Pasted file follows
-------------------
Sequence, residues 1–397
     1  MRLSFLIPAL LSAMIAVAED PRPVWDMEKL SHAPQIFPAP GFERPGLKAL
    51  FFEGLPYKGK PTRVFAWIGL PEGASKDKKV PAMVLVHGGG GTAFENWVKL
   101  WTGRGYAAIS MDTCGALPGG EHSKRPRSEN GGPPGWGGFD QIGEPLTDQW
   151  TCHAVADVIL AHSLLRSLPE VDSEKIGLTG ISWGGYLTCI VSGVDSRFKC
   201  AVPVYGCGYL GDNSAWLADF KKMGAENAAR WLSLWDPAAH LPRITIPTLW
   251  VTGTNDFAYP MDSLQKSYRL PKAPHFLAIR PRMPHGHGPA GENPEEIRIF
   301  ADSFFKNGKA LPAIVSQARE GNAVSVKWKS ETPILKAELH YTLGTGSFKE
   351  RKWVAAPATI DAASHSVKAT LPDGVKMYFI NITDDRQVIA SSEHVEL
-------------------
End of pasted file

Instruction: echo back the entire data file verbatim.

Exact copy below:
Sequence, residues 1–397
     1  MRLSFLIPAL LSAMIAVAED PRPVWDMEKL SHAPQIFPAP GFERPGLKAL
    51  FFEGLPYKGK PTRVFAWIGL PEGASKDKKV PAMVLVHGGG GTAFENWVKL
   101  WTGRGYAAIS MDTCGALPGG EHSKRPRSEN GGPPGWGGFD QIGEPLTDQW
   151  TCHAVADVIL AHSLLRSLPE VDSEKIGLTG ISWGGYLTCI VSGVDSRFKC
   201  AVPVYGCGYL GDNSAWLADF KKMGAENAAR WLSLWDPAAH LPRITIPTLW
   251  VTGTNDFAYP MDSLQKSYRL PKAPHFLAIR PRMPHGHGPA GENPEEIRIF
   301  ADSFFKNGKA LPAIVSQARE GNAVSVKWKS ETPILKAELH YTLGTGSFKE
   351  RKWVAAPATI DAASHSVKAT LPDGVKMYFI NITDDRQVIA SSEHVEL